With his debut book, ‘Five Point someone’, he enlightened us that there is a lot more besides swotting going on in an IIT students life. By reading his second narrative, ‘One Night @ the call centre’ we realized that complaining customers aren’t the only ones who call in. And Chetan Bhagat’s third and latest book titled ‘The 3 Mistakes of My Life’ revolves around politics, business, cricket and religion
This is apparently a true story. A suicide note in his email box disturbed the author so much that he traced the recipient of the email and flew down to Ahmedabad all the way from Singapore to meet him. Govind Patel was the writer of the email and this is his story.
Govind is a brilliant math tutor, helping his mother in her small time snack business after his father walked out on them. Ishan, once an awesome aspiring cricketer, ran away from the NDA because he realized he didn’t like taking orders from anyone, disappointing his parents in the process. Omi is the son of a priest and doesn’t want to end up becoming one himself. The 3 main protagonists are best friends living in an old ‘pol’ (colony) of Ahmedabad.
An ambitious Govind decides that the only way they can get their families and other people to respect them is by starting their own business. After much cajoling, Ishan reluctantly agrees and, afraid to disagree against the majority, Omi joins in. Together, they rent out a shop owned by Omi’s Uncle, Mama, in Omi’s family temple complex and open a sports shop. Govind further convinces Ishan to offer cricket coaching to kids who buy sports goods from them. Thanks to his shrewd business acumen, the shop starts registering profits almost instantly.
As the profits grow, so do Govind’s ambitious plans. He once again persuades his friends and the three pool in their profits to rent a store in a mall coming up in a posh area of Ahmedabad. But before they can move in, the Bhuj Earthquake of 2001 crushes the mall, their future plans and most of all their dreams. And they are back to the humble shop in the temple complex.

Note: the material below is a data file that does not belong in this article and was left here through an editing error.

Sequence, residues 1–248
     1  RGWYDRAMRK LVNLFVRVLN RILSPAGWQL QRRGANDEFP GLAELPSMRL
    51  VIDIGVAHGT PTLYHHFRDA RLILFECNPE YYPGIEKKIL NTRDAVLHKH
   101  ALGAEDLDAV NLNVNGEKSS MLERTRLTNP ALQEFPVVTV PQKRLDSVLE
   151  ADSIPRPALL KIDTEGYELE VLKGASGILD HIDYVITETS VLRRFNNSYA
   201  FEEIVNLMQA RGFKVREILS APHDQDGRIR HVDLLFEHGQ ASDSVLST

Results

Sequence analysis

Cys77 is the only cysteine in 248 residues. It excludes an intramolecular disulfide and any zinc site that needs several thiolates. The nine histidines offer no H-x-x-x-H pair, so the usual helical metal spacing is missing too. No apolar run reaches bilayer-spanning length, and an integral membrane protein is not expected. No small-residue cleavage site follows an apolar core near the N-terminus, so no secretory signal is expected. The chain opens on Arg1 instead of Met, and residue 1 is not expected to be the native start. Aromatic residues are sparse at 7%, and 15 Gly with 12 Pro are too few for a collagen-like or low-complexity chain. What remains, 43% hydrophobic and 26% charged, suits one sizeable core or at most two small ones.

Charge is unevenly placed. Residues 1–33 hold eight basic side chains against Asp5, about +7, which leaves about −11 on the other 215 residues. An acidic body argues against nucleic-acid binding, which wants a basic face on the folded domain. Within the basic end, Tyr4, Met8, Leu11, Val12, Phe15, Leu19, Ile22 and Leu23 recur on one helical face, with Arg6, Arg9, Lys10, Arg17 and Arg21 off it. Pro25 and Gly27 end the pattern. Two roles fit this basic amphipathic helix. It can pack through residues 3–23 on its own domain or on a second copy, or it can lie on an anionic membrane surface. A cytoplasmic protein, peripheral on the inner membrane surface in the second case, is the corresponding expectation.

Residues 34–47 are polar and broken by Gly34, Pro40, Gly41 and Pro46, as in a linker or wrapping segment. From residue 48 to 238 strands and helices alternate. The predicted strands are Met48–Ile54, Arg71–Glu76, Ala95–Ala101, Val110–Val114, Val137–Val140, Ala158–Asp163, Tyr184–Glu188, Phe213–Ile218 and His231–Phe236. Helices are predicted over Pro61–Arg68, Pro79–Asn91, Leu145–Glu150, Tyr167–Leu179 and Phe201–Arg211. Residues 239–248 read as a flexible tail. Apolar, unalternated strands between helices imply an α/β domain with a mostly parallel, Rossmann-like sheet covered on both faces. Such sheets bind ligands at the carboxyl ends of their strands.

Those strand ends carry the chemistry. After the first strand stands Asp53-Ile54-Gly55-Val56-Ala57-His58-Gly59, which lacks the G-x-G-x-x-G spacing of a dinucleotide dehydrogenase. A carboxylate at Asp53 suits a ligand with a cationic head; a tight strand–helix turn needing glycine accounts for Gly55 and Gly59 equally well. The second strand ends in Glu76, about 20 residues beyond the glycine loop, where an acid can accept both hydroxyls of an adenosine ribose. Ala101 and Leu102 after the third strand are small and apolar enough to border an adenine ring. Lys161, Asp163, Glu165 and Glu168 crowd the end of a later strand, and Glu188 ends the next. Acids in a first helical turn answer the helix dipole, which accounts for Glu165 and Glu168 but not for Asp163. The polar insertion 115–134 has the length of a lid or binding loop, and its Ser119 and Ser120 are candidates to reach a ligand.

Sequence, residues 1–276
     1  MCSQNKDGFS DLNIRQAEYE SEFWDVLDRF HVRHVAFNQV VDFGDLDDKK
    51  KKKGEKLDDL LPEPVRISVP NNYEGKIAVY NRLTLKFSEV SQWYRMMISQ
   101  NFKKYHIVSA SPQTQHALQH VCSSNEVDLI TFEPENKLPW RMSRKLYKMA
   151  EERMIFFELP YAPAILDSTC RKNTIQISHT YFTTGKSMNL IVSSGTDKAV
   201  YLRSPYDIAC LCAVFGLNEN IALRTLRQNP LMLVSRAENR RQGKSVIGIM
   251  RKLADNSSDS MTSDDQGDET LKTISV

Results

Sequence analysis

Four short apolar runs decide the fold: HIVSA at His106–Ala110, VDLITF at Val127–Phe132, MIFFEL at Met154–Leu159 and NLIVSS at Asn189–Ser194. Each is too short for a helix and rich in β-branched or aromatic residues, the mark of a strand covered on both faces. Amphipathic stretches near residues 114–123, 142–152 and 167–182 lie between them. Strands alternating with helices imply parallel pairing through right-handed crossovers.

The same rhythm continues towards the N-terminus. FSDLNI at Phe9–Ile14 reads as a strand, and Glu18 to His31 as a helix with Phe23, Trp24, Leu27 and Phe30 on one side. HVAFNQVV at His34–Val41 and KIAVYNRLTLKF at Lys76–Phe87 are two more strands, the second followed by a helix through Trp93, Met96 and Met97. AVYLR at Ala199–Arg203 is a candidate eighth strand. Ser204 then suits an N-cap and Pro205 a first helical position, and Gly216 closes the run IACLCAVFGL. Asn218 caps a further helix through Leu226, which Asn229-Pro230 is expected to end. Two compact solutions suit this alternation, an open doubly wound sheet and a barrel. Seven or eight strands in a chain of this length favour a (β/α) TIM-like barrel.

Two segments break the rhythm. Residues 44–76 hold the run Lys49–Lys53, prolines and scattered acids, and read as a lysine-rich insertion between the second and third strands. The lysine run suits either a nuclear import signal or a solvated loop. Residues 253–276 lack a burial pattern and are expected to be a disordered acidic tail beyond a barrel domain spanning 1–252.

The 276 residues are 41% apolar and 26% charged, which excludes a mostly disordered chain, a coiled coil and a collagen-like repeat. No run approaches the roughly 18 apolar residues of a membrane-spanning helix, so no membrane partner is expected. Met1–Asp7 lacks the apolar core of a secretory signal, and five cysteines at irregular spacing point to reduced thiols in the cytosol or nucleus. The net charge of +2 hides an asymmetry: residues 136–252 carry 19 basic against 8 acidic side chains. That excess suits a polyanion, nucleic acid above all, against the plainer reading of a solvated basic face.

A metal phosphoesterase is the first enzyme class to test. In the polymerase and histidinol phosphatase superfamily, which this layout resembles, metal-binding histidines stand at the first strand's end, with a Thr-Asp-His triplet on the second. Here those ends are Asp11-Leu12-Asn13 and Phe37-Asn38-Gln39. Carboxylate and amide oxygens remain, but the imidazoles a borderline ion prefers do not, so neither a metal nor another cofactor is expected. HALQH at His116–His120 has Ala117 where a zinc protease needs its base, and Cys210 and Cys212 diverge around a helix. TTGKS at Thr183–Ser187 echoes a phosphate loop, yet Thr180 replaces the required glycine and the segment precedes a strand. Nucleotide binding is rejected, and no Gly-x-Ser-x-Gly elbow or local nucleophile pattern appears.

Meanwhile, Omi’s uncle, Mama, asks them to join his political party as party workers. Because they are renting his shop, and because they would need to continue renting it for some more time, they decide to attend a political rally just one time to appease Mama.
Along the way, Govind is asked to tutor Ishan’s firecracker of a sister, Vidya, and unknown to everyone around they both get really close, causing Govind to commit his first mistake. Ishan discovers an exceptionally talented child, Ali, and dreams of grooming him to play for the Indian Cricket team, a latent personal dream that he could never fulfill. Thanks to Mama’s constant intrusion and influence Omi starts getting more and more involved in politics and religion.
There is a trip to Goa as well as Australia to get Ali to meet and get coached by the best. Religious politics and the Godhra Riots are further added to this broth to turn the world of the 3 friends upside down, and causing Govind to make two more of his mistakes.
Reading Chetan Bhagat’s books always give me the feeling that I am reading someone’s personal journal with his simple language and appealing narration being his USP.
This book is missing both.
The story seems forced; the language is pedestrian and certain situations unbelievable. Because of which, inspite of so many adversities happening to and around them, and you don’t feel for the characters at all.
Cricket, politics and religion, are topics with the most emotional and explosive potential and Bhagat hasn’t used them as he could possibly have. In spite of situations like natural calamities, love, despair etc, no passion comes through. This book made for an insipid read, akin to reading an electronics manual.
And what disappoints even further is that this is Bhagats’ 3rd book with 2 bestsellers preceding it! Third time certainly isn’t the charm for Chetan Bhagat.
My very own rating chart;
*Use it as a doorstop.
**Read it if you have nothing better to do.
***You will like it if you like this particular genre of writing.
*****What! You haven’t read it YET !